Follow the Money in Uruguay, Argentina and El Salvador

This blog has been written by Maximiliano Benedetti (Demos) and CoST El Salvador

This blog is part of the event report series on International Open Data Day 2018. On Saturday 3 March, groups from around the world organised over 400 events to celebrate, promote and spread the use of open data. 45 events received additional support through the Open Knowledge International mini-grants scheme, funded by Hivos, SPARC, Mapbox, the Hewlett Foundation and the UK Foreign & Commonwealth Office. The events in this blog were supported through the mini-grants scheme under the Follow the Money theme.

Uruguay & Argentina: Río Abierto

For the second year in a row, we celebrated Open Data Day in Río Uruguay. It took place on 3 March 2018 in the city of Paysandú. In this occasion the activity focused on the economical problems that floodings bring, tracking the public funds used to alleviate the damages these natural phenomenons cause.

Argentina and Uruguay are borderlining countries divided by two important natural barriers: the River Plate and the Uruguay River. We focused on the Uruguay River given that in recent years floodings have increasingly affected the population in the coast cities and rural areas. Because of these catastrophes, governments must respond immediately. They need to not only recover production, commerce and tourism in such zones, but also rebuild the basic rights that are affected.

The event was hosted by three organisations that work with data: Datos Concepción from Argentina; Demos from Uruguay; and PODER with their Latin American office. We got interest from the Council of Concepción del Uruguay, the support of Radio Franca and the presence of the Argentinian Consulate in Uruguay, as well as the Paysandú Development Agency, who supported greatly to run the event. We also developed a website for the event, which we will update with each edition (www.datosriouruguay.org)

The event was designed prioritizing the collective activity of participants. We ran a hackathon. Since we had different levels of knowledge regarding the topic, we started with an introduction to open data, why they’re important and how they can be used. Then we showed some practical examples, which were useful to launch the hackathon.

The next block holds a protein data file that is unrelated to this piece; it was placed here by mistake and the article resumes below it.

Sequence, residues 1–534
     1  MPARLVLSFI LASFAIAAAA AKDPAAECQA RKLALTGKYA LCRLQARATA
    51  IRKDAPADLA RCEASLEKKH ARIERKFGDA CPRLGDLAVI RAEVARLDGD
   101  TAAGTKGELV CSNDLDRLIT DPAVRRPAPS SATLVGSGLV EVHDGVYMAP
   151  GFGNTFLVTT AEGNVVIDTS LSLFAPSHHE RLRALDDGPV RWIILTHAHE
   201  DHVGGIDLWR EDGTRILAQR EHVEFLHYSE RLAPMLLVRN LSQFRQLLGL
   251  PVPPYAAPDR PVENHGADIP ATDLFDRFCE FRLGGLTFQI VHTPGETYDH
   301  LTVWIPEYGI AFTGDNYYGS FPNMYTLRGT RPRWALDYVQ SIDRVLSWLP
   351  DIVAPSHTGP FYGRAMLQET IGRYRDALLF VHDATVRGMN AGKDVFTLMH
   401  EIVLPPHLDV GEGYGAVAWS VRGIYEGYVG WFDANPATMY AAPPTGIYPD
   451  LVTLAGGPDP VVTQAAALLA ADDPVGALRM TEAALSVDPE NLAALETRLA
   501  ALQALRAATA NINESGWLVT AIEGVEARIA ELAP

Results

Approximately 30 people were registered for this year. From the event we had two different proposals. Una was generating an “Flooding expenditure calculator” to help local governments manage these catastrophes. The second was to create an information system about the affected territories, focusing on a regional map that allows people to update the information about each zone.

In an agreement with the Paysandú Development Agency, we gave the prize of incubation of the projects. In order to give continuity, we want the winning group (Flooding expenditure calculator) to have the chance to continue working on the project with the support of the organizers.

Tracking the money of contracting public infrastructure in El Salvador

On Friday, March 16, 2018, thanks to the support of Open Data Day, an event called “Track the money of infrastructure contracting in El Salvador” was held, where the following topics were discussed:

  • Importance of transparency in the construction sector
  • Importance of access to public information
  • Forms of disclosure of information by public institutions, proactive disclosure, and reactive disclosure
  • Access to Public Information Law (LAIP)
  • Overview of CoST El Salvador: what is CoST, work methodology, assurance process, indicators

The event was aimed at students and university professors, since it was considered that they can be agents of change to promote a culture based on transparency and tracking of the money of public infrastructure contracting.

On this occasion the event was held in a private university in the country, however, due to the acceptance of the event, it is being negotiated with other universities to provide similar events. In addition to the presentation made, the participants were given a brochure containing information on the subject matter dealt with, in order to try to expand the information.

CoST  is an initiative that seeks to increase the value of public infrastructure throughout the world, by increasing the transparency with which projects are executed, as well as encouraging citizen demand for accountability. 

One of the main lines of work of CoST is the Assurance Process, which is designed to improve the usefulness of the information that public institutions disclose about infrastructure projects. This is done by means of the verification of the information based on the CoST Infrastructure Data Standard, which is made up of 79 indicators or Data Points that cover all the stages of the construction of a work.